MIL-OSI Security: Former Gulf Cartel Leader Extradited to East Texas for Drug Trafficking Violations

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Source: United States Department of Justice

BEAUMONT, Texas – A Mexican national has been extradited to the United States to face drug trafficking violations in the Eastern District of Texas, announced U.S. Attorney Brit Featherston today. 

Mario Cardenas-Guillen, 57, of Matamoros, Mexico, was indicted by a federal grand jury on June 20, 2012, and charged with conspiracy with intent to distribute five kilograms or more of cocaine.  Cardenas-Guillen was surrendered to the United States on May 17, 2022.  He will make an initial appearance on May 23, 2022, before U.S. Magistrate Judge Zack Hawthorn.   

According to the indictment, beginning in 2000 and continuing through 2012, Cardenas-Guillen is alleged to have conspired with others to possess more than five kilograms of cocaine, which he intended to distribute to others. 

“International sources of illegal drugs continue to poison our communities,” said U.S. Attorney Brit Featherston.  “We will make every effort to combat this scourge, and that includes going to the origin of the drugs in foreign countries and arresting and prosecuting those who seek to make a profit off this blight that adversely affects so many in our society.”

“For decades, the Gulf Cartel has used intimidation and extreme violence to maintain control of its territories in northeast Mexico and smuggle deadly drugs into communities across the United States,” said DEA Administrator Anne Milgram. “The extradition of Mario Cardenas Guillen, the former leader of the Gulf Cartel, should send a clear message to the leaders of drug trafficking organizations around the world that no one is beyond the reach of the DEA and our law enforcement partners.”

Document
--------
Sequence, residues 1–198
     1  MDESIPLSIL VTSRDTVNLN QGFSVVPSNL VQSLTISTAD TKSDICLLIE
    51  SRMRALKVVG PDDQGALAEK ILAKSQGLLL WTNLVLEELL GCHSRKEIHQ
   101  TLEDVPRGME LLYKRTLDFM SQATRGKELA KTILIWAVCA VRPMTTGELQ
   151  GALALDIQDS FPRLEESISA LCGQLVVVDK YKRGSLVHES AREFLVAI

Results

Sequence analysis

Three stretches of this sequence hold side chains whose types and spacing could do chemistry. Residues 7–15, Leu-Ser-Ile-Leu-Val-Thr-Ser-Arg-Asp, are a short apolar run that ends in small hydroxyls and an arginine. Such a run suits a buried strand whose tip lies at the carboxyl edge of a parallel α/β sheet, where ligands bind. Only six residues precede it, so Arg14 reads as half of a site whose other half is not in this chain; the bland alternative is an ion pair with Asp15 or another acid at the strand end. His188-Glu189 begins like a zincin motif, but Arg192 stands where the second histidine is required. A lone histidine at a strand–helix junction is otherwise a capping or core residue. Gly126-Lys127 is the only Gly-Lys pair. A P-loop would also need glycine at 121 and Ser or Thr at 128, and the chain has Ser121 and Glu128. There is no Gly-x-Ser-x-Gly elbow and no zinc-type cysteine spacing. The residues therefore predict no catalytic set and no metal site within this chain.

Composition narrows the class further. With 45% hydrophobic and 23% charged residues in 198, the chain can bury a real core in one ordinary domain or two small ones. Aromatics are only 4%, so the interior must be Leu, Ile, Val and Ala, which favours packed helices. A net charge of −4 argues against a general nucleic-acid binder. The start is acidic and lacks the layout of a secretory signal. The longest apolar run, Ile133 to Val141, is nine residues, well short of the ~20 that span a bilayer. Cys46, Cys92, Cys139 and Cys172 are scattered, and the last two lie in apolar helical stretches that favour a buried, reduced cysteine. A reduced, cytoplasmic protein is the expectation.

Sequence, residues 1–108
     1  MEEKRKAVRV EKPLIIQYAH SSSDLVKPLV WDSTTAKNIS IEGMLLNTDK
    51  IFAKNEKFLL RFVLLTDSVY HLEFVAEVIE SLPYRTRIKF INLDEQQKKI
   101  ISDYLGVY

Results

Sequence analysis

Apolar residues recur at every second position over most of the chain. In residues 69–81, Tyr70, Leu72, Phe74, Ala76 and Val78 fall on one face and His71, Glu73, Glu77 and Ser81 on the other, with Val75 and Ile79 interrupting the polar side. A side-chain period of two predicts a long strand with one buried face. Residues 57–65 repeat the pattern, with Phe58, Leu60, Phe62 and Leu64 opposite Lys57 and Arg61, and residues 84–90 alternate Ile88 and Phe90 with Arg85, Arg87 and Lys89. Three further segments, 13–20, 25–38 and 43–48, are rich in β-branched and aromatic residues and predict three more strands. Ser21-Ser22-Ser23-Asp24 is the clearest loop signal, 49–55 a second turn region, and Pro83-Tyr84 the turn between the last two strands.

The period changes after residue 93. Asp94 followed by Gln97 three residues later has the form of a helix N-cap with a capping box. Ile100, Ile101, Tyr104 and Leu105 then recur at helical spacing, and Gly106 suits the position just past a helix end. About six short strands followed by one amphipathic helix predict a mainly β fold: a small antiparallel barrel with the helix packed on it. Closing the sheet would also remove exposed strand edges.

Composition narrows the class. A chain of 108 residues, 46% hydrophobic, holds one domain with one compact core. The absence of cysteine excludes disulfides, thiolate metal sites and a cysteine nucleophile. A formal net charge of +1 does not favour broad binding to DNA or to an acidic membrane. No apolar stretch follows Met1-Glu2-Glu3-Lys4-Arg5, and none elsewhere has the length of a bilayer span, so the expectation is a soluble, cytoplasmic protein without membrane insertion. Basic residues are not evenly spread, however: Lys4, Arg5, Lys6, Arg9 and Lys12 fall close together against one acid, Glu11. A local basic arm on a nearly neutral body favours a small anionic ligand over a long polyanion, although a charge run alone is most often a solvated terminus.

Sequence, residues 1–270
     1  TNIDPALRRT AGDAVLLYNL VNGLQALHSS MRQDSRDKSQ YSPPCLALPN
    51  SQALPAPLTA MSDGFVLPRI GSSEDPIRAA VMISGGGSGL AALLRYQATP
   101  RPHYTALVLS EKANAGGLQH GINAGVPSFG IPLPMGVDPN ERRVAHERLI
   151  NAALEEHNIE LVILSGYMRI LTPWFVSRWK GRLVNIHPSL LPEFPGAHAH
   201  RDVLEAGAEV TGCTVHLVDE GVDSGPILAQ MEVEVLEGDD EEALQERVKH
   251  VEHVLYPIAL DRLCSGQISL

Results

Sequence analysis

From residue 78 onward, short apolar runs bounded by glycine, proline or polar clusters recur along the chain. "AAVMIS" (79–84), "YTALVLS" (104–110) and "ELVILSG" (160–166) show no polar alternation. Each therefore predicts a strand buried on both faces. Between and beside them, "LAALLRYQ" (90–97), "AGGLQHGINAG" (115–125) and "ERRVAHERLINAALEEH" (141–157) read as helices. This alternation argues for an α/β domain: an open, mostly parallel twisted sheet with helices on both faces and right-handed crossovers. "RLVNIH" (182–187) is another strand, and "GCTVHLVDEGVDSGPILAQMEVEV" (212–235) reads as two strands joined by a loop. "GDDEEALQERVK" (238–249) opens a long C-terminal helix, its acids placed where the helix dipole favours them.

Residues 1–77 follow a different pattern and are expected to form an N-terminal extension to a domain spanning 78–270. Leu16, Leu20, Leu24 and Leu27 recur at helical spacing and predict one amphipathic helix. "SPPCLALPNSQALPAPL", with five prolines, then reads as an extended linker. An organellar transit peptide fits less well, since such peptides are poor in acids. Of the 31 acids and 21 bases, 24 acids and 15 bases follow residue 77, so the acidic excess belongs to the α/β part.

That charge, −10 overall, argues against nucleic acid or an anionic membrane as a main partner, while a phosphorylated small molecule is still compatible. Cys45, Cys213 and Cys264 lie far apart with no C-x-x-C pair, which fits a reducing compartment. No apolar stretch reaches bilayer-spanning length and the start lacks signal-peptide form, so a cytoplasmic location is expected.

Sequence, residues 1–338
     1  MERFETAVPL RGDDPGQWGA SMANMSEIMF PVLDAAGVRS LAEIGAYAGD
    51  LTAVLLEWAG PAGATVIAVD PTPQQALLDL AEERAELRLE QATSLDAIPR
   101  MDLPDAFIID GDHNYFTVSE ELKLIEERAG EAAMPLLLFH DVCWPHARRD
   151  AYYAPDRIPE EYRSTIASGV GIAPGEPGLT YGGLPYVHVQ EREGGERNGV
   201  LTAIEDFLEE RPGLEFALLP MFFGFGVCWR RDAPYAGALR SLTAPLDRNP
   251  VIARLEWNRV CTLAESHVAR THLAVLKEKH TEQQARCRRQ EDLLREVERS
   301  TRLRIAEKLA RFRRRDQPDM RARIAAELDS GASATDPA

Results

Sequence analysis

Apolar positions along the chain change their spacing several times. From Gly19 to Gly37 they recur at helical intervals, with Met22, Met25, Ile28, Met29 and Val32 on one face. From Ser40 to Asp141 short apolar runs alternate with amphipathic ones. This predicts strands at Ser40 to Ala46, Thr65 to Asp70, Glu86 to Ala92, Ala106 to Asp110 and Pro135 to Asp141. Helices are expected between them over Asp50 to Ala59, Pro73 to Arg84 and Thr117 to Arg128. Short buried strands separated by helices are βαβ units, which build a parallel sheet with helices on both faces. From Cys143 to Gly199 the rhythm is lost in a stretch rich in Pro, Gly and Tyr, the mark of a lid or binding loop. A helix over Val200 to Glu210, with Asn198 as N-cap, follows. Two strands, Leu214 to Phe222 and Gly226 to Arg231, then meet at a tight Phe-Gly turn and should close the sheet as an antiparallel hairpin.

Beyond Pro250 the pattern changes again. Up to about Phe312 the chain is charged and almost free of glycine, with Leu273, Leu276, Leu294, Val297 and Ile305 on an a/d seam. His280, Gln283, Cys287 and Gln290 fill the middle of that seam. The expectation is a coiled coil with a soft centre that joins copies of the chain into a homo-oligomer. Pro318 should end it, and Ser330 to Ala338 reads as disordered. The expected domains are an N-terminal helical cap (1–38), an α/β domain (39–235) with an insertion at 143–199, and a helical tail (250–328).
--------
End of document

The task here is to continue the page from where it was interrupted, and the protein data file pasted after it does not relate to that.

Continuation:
If convicted, Cardenas-Guillen faces from 10 years to life in federal prison.

This prosecution is part of an Organized Crime Drug Enforcement Task Forces (OCDETF) investigation. OCDETF identifies, disrupts, and dismantles the highest-level drug traffickers, money launderers, gangs, and transnational criminal organizations that threaten the United States by using a prosecutor-led, intelligence-driven, multi-agency approach that leverages the strengths of federal, state, and local law enforcement agencies against criminal networks.

This case is being investigated by the U.S. Drug Enforcement Administration and prosecuted by Assistant U.S. Attorney Christopher Rapp.

The Justice Department’s Office of International Affairs worked with law enforcement partners in Mexico to secure the arrest and extradition of Cardenas-Guillen to the United States. Special thanks to the Government of Mexico for their help in the capture and extradition of Cardenas-Guillen.

A grand jury indictment is not evidence of guilt.  All defendants are presumed innocent until proven guilty beyond a reasonable doubt in a court of law.

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MIL Security OSI